Results 16 to 16 of 19
Change view: View multiple images at a timeView text onlyView text only

Infantry Hanger

Origin: England, Birmingham
Overall: 32 3/8" Blade: 26 1/2" x 1 1/8" Hilt: 6 1/8"
Steel, iron, brass and wood
Museum Purchase
Acc. No. 1951-612
Cast brass hilt composed of a heart-shaped guard with reinforced edges, a plain knucklebow, a bulbous quillon and an ovoid pommel with a capstan. Wooden grip is now missing its twisted brass wire wrap, but the bottom ferrule remains. The blade is slightly curved, single-edged and has fullers running down the spine for most of its length.
Label:Commonly referred to as the "Model 1742" infantry hanger, this pattern is one of the most misunderstood 18th c. British military swords. Its nickname is based on the erroneous interpretation of the brass-hilted swords depicted in an illustrated book of British Army uniforms known as the "Clothing Book of 1742." None of the swords worn by the soldiers in its plates match this weapon.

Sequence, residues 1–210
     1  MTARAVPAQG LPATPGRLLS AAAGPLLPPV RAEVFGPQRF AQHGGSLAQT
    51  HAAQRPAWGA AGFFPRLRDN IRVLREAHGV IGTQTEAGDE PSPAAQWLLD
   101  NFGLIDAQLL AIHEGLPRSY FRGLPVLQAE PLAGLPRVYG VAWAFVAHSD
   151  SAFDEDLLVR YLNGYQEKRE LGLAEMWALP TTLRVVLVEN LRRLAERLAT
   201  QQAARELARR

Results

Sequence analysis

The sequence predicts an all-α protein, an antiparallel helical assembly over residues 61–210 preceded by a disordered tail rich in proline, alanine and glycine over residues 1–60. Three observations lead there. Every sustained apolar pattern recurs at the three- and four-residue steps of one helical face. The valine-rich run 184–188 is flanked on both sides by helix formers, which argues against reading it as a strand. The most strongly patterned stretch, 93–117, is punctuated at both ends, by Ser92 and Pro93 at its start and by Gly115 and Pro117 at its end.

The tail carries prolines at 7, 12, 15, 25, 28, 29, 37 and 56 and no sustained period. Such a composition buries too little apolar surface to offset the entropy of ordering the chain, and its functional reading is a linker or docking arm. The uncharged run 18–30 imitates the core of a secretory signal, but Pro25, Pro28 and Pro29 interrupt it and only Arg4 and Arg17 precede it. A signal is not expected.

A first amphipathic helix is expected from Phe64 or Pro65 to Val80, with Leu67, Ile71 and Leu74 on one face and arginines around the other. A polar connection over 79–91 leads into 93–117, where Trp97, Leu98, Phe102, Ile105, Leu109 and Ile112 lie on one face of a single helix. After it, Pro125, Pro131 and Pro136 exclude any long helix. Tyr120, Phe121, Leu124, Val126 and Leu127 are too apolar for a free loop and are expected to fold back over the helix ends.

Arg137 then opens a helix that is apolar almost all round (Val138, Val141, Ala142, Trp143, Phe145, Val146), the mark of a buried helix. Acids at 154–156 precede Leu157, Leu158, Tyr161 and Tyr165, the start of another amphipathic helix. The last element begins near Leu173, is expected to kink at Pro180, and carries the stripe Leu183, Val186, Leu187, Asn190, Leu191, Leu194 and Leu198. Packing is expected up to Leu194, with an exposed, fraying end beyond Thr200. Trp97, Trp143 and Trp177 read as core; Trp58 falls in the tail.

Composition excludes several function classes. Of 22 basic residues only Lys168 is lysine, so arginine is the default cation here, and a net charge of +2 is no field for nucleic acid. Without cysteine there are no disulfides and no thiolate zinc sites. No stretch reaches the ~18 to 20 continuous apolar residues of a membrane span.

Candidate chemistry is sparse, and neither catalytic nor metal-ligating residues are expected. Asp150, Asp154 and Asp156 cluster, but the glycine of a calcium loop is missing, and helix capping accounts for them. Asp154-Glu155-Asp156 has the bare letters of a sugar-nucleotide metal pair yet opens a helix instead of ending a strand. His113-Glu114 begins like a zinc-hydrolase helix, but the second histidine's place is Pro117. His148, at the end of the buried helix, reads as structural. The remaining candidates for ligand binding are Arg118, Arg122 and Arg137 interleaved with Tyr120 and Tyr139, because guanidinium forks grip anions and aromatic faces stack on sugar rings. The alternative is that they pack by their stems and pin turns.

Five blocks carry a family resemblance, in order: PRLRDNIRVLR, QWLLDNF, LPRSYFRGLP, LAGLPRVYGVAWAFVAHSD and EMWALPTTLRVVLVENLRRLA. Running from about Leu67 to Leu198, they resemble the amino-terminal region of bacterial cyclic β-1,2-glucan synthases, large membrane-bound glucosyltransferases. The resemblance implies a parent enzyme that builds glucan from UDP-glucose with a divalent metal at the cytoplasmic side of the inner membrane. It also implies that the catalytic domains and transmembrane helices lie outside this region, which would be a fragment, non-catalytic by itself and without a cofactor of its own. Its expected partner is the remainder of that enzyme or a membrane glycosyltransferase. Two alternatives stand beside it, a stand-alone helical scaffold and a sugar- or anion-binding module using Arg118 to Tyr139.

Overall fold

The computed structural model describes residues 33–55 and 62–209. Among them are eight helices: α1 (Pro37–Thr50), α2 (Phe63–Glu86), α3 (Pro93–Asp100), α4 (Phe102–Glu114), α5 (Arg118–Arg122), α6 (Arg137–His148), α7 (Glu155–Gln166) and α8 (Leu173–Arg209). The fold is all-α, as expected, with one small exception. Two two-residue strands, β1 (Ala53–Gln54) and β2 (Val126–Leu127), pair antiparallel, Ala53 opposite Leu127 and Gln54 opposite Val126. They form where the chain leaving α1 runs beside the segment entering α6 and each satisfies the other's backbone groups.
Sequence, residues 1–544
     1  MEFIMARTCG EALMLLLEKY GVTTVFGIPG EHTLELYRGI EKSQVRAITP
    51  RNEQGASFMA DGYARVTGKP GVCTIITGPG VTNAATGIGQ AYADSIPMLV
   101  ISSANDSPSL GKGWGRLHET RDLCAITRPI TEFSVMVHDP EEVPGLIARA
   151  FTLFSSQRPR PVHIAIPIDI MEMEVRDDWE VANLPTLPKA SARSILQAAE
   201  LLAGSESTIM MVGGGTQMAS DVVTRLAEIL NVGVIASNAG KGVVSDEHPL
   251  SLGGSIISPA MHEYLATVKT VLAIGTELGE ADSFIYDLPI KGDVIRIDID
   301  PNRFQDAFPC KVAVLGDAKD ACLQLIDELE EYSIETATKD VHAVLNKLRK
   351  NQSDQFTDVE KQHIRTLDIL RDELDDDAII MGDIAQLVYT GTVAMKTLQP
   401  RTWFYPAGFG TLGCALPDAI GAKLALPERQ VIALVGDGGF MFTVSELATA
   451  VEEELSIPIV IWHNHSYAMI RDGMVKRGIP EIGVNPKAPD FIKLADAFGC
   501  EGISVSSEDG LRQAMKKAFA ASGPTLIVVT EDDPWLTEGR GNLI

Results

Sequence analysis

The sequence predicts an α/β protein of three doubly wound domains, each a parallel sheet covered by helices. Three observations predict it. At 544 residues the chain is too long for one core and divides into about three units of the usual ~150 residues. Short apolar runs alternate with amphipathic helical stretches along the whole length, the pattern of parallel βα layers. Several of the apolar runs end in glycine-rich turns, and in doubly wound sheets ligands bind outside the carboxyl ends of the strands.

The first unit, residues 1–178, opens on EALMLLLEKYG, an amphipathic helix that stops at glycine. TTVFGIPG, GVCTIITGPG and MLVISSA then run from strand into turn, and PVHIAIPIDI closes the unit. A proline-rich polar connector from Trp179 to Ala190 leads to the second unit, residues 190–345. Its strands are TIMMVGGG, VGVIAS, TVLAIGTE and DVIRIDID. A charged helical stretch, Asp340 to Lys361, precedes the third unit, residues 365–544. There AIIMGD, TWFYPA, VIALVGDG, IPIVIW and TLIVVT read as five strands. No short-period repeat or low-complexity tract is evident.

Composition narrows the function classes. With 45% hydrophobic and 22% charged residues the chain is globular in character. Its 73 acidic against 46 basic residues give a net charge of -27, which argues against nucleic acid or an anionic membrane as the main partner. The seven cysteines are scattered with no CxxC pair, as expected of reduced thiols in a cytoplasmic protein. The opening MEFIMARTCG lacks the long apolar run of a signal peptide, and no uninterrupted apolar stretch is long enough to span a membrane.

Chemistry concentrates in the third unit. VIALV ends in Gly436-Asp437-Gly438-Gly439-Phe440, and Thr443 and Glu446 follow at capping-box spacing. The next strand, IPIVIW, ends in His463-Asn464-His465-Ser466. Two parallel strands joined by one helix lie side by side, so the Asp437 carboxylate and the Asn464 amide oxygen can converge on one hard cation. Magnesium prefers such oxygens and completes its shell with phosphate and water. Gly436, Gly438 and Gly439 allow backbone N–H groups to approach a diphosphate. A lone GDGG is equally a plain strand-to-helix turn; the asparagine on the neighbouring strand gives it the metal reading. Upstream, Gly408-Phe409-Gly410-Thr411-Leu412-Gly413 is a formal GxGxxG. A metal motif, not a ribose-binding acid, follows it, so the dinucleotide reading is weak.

Rather, it is a pattern sword procured during the last half of the 18th c. for issue to those units which were entitled to receive swords from the Board of Ordnance. This included the Marines, the Royal Artillery and the various county Militias. Most examples carry an Ordnance stamp struck into the base of the blade in the form of a crowned numeral, or less often a "Crowned Broad Arrow." Many, like this hanger, carry the engraved names of the County Militias they were issued to, suggesting the pattern was primarily intended for home guard units.
Mark(s):Guard engraved "M.GLOUCESTERSHIRE" and "9." Blade struck on both sides with "SH" within a "running fox." A crowned Ordnance mark is partly visible on the ricasso, but is obscured by the counterguard.